Therefore, if you have an underlying breathing problem, you may want to take precautions when using this fog fluid.

Do I Need a Mask When using a Fog Machine?

Suppose you are working in an environment where there’s heavy use of a typical dry ice machine, then yes. In that case, it might be advisable to wear protective goggles (or even better – a full face shield) and have some form of respiratory protection like an N95 filtering respirator.

Otherwise, most people should be able to breathe safely while operating their machines at home or in an environment where the fog is not too deep.

However, suppose you have asthma or other breathing problems. In that case, it may be best to consult a doctor before using any dry ice machine because some people with these conditions are sensitive to certain chemicals in the fog and can get severe allergic reactions when they breathe them into their lungs.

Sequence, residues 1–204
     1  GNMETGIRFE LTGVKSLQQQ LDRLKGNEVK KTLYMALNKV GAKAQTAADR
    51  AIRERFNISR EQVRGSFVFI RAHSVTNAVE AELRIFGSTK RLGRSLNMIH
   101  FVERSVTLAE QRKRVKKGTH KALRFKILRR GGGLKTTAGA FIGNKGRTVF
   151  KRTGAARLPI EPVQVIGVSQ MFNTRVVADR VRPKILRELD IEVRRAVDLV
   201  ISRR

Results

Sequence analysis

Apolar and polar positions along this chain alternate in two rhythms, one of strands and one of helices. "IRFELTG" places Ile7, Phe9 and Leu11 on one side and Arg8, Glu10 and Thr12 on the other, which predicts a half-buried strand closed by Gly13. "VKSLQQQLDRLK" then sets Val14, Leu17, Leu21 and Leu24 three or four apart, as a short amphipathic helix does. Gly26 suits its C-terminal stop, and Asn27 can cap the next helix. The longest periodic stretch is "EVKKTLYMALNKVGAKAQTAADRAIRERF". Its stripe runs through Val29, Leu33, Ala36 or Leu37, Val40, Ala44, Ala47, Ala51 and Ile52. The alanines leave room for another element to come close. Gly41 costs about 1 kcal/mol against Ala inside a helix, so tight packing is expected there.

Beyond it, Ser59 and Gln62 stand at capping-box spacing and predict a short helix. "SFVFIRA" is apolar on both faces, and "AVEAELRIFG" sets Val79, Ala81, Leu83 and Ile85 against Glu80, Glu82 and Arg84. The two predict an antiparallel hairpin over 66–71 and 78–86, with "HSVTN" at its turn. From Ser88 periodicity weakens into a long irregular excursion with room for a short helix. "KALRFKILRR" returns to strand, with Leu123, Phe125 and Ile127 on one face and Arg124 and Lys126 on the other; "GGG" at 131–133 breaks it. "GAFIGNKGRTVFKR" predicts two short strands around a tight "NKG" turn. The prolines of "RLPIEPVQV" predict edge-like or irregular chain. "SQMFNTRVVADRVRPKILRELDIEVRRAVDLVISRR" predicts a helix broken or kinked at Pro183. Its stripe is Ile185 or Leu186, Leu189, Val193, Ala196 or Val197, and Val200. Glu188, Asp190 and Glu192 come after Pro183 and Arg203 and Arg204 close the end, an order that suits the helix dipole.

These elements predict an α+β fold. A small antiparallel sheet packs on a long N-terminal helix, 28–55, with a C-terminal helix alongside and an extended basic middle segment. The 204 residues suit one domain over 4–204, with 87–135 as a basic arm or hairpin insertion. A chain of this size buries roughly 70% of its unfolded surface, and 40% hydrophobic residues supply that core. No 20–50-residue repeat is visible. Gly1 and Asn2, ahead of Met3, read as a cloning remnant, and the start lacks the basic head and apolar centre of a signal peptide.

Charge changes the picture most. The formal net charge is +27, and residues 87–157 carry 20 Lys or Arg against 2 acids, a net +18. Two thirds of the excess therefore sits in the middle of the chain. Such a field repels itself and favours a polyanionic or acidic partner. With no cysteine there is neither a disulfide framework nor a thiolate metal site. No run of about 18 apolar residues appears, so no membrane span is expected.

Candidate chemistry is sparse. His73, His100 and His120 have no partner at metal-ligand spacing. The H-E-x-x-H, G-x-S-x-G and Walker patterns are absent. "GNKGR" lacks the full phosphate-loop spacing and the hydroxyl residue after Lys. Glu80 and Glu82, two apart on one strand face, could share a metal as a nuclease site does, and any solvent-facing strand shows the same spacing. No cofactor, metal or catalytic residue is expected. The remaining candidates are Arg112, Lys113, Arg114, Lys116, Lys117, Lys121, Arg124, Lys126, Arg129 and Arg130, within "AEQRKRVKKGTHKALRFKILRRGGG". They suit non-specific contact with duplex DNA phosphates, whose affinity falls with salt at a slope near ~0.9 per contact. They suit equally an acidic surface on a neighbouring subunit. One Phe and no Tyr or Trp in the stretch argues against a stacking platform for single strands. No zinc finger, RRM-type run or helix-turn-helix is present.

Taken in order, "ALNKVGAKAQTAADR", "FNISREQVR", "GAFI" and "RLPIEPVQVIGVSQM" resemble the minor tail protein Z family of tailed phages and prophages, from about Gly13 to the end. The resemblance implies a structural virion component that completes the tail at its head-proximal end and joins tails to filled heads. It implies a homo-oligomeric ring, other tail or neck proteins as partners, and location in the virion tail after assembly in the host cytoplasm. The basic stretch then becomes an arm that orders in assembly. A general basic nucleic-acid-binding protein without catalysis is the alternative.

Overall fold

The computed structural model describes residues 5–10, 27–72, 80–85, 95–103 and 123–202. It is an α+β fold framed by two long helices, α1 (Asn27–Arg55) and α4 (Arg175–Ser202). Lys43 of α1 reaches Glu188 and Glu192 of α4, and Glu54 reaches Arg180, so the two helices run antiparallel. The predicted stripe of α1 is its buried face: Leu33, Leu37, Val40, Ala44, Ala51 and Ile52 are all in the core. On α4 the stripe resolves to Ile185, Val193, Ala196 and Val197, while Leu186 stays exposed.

Conclusion

You can use water in a fog machine. However, as discussed, you want to be careful about the type of water you use, so you don’t end up damaging your fog machine.

While you can use just water, you will get better fog if you mix the water with another fluid, preferably vegetable-based glycerin.

So go ahead and make your water-based fog fluid today and have some fun with your fog machine. Did you know there is a difference between haze and fog machines?


Please be careful and use at your own risk
None of the authors, contributors, administrators, or anyone else connected with Wild Fog, in any way whatsoever, can be responsible for your use of the information contained in or linked from these web pages.